Halfway into my 60-day no social media fast and I’m starting to see privacy and engagement with others in an entirely different lens. Growing up as part of the last generation to know what life was life pre-Internet, pre-cellphones, pre online social media, I think I look at the world in a completely different way than generations after me will only be able to conceptualize.When I first began this fast, I had one intent in mind: to stay more present. It’s no secret and you’re probably tired of hearing me ramble on about the notion of presence in my life. But this fast is starting to reveal things to me that I’d never even thought of when I first signed up for an AIM account.
I was watching some series on YouTube and in it, one woman, instead of simply asking another woman for her number, instead asked for her Instagram handle. My first thought was, ‘are we really doing this right now?!’ It brought me back to days when guys would ask for my AIM instead of my number. Part of it feels lazy.
When you connect to someone’s social media, you get a sneak peak into their world – I say a sneak peak because not many choose to show their entire lives via social media. And this ‘sneak peak’ can kill the mystery of things.
What good is it to catch up with someone if you already scrolled through their Instagram photos from the weekend?
What good is it to discuss if they’re making progress on making their dreams come true if every Facebook status keeps you up to date?
I’m not arguing against social media – I think it definitely can have its’ benefits but sometimes I wonder if the benefits outweigh the shortcomings.
Specifically, what now constitutes a private life? It used to be to know the status of a couple you’d ask one person in the relationship or hone into the grapevine to see if anyone has said anything.
Now, a person’s relationship is for public eyes whether it’s a new relationship with photos in Dubai, a first Valentine’s together, or even a breakup where inspirational quotes seem to hit your feed every few minutes, it’s as if now instead of seeking out information, we have to block it.
I’ve noticed that I haven’t missed any important news since the first day of my fast. I mean, sure, I’ve missed out on the latest celebrity gossip, but it’s become more evident to me what information is actually meaningful for my life.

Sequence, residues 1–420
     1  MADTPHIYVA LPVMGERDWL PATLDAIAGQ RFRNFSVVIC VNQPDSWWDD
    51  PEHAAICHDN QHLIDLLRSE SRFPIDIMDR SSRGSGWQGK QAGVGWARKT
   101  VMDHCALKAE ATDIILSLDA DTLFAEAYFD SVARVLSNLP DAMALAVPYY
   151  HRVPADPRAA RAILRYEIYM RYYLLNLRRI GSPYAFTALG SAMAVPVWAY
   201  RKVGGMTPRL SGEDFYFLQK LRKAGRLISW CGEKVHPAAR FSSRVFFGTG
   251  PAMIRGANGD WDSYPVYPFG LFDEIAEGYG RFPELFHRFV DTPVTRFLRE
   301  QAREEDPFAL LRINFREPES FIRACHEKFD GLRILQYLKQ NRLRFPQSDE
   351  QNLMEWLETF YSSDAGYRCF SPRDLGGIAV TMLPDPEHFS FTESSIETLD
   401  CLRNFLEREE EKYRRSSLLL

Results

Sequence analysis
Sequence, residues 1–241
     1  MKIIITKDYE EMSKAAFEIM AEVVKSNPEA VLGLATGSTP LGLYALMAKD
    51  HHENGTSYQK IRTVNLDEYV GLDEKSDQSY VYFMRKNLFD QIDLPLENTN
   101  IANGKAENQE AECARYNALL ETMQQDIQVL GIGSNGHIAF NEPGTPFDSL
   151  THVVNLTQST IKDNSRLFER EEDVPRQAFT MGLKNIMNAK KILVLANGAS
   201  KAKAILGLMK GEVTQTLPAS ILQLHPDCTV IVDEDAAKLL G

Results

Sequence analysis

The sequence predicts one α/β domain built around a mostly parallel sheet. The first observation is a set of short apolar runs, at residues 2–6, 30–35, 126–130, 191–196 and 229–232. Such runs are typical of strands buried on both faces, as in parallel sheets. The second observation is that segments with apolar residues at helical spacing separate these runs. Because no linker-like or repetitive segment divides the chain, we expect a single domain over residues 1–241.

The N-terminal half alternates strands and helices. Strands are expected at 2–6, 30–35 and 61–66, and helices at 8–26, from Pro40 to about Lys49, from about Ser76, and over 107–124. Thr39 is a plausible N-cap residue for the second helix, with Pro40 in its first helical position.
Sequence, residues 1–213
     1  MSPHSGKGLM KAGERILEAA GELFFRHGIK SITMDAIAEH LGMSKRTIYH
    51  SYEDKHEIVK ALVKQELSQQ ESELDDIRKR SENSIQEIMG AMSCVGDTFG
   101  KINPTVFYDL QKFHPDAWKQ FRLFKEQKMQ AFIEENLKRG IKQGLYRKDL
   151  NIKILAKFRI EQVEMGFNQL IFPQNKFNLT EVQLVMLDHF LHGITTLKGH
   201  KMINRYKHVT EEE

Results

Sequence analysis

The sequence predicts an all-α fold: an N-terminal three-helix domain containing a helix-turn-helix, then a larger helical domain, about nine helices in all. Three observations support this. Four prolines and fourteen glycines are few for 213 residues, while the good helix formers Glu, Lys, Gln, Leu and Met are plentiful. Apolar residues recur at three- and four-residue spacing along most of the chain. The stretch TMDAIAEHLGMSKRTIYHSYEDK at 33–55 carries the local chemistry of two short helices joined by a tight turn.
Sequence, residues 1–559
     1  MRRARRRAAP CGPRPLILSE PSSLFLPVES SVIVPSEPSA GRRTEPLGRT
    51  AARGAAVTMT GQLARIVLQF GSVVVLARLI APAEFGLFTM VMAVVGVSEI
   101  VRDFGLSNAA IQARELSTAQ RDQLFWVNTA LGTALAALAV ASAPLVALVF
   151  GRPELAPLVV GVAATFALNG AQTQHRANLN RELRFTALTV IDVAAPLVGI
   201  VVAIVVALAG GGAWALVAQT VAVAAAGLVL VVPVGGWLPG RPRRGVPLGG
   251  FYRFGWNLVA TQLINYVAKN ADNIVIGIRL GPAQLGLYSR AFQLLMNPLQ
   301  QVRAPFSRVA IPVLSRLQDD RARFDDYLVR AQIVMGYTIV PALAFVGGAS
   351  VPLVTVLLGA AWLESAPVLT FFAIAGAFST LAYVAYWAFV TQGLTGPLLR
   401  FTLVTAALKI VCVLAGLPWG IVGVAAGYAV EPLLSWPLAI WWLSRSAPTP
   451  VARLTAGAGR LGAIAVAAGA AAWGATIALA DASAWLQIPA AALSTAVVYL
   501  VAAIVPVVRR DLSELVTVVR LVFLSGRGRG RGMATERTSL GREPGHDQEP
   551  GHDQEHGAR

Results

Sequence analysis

And oh what a joy it is to actually not know something.
I now have conversations with my friends where they catch me up first-hand on what’s the latest tea as opposed to Instagram shoving it into my face for me.
I have friends asking, “Have you heard about such and such,” and I can honestly say no and we can dive into a conversation that otherwise would have been cut short had I already known.
I can now date someone and genuinely have to spend the time getting to know him without trying to expedite the process by scrolling through his social media feed resulting in a false sense of who this person is.
I think we can sometimes forget to take social media with a grain of salt.
I don’t know exactly what it is that deters us from sharing not only the good in life, but the struggles as well.
I also don’t know why we feel compelled to share every single good moment.
Why can’t we just live in a moment as opposed to trying to capture it?
Maybe some moments don’t need capturing and instead just need living.
There’s freedom in just being, instead of worrying about the best angle, the best lighting, and the best filter for a photo.
I don’t know what will be the outcome of this fast – I may decide to fast for another 60-days, I may quit social media once and for all.
Social media may be a hindrance to the live I’ve always envisioned having. After all, how encouraging is it to see couples getting engaged – when you’re still single, acquaintances being promoted – when you still don’t know what you want to do for a living, or others having traveled to 5 countries within one year where I'm just trying to make it to Thailand?
I’ve been told, “comparison is the stealer of joy.”
And I see now that I can wear outfits twice never fearing someone will notice in a photo (this is simply ridiculous!), I can actually hold conversations without using my phone apps as a crutch, and I can genuinely start to see who people are as opposed to a veil they’ve draped on social media.
If I learned all this within just a month of no social media, I'm ecstatic to see the lessons I'll have learned in the next 30 days.